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Old 10-18-2015, 10:42 PM
 
9 posts, read 6,430 times
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Considering buying a home in Skagit County. Is in a good neighborhood and will appreciate well. I was wondering if there are things I could do to the house that appreciate the value of the home more then the initial cost of the product itself. I have a handful of renovation ideas in mind so allow me to run them past you guys feel no need to input on the ones you don't know about and let me know what you think.
Hardwood or Engineered hardwood floor(Since it can get wet). Full kitchen renovation(Pretty average low end currently) I would buy stainless steel appliances, install tile floors, and new granite counters w/new cabinets. A fence around the backyard(Backyard isn't that large I'd assume roughly 200 ft of fencing. A sauna, and also I am considering having a trilogy fiberglass pool installed with a patio I do know pools narrow pool of potential buyers but I plan on renting out home after couple of years and pool adds a good amount to monthly rent. Home specs: 2100 sq ft, good neighborhood, built in 70's, two floor, two car garage. Main question is does anyone know of things that appreciate home value more then actual cost of product along with installation. ex. if product and installation of hardwood floors is 14k would it appreciate homes value more then 14k? Thanks for your inputs. -Matt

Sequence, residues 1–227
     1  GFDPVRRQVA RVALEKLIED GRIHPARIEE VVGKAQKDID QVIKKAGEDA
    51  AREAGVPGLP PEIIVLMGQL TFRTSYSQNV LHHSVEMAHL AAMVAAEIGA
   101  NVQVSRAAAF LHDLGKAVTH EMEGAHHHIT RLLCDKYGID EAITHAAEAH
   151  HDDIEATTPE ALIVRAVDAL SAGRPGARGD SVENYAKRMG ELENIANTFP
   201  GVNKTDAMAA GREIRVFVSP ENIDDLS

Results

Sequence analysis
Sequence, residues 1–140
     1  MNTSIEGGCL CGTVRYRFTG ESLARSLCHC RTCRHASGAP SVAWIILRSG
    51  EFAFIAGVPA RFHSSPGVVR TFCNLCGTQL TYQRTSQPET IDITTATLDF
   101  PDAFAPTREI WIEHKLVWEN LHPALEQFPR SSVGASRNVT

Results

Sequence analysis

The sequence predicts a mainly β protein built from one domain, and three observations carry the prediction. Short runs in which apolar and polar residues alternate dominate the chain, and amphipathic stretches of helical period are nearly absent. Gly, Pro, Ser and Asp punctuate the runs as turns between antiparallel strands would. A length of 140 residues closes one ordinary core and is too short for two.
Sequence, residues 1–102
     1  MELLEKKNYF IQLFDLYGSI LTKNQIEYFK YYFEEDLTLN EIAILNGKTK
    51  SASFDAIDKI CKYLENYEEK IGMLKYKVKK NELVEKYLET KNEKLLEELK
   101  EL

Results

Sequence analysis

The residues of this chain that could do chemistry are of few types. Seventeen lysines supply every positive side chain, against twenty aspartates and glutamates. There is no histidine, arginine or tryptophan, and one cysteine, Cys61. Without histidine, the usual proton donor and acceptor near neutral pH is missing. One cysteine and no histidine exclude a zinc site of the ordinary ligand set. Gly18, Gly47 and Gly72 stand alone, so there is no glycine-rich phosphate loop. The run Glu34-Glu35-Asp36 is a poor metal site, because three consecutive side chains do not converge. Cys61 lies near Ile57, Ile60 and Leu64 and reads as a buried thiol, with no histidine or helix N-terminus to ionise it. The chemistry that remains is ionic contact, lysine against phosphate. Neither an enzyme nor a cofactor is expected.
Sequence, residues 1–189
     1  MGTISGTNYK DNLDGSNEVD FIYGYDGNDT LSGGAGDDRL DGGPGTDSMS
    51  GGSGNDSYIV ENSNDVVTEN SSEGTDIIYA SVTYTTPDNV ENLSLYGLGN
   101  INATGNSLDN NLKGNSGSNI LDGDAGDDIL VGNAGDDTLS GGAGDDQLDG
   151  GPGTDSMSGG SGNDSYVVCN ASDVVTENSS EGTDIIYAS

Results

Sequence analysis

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Old 10-19-2015, 07:47 AM
 
Location: East of Seattle since 1992, 615' Elevation, Zone 8b - originally from SF Bay Area
44,585 posts, read 81,260,275 times
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I would not put expensive, high quality wood flooring in a rental house. Laminate for now, wood before you go to sell.
Saunas and pools are very limited in attracting buyers, most people shy away from the additional maintenance costs, especially in a climate where a pool is only used 2 months of the year. They are both also items that will suffer from neglect when rented out. I doubt that the monthly rent increase from a pool would cover the expense of installation, and most likely repairs when the tenant moves out. The kitchen and fence are both going to add to the value and also the rent, beyond that I think you could be going too far.

Also, keep in mind that the more you add to the value of the home that's permitted, the higher the appraised value, and then higher property taxes.
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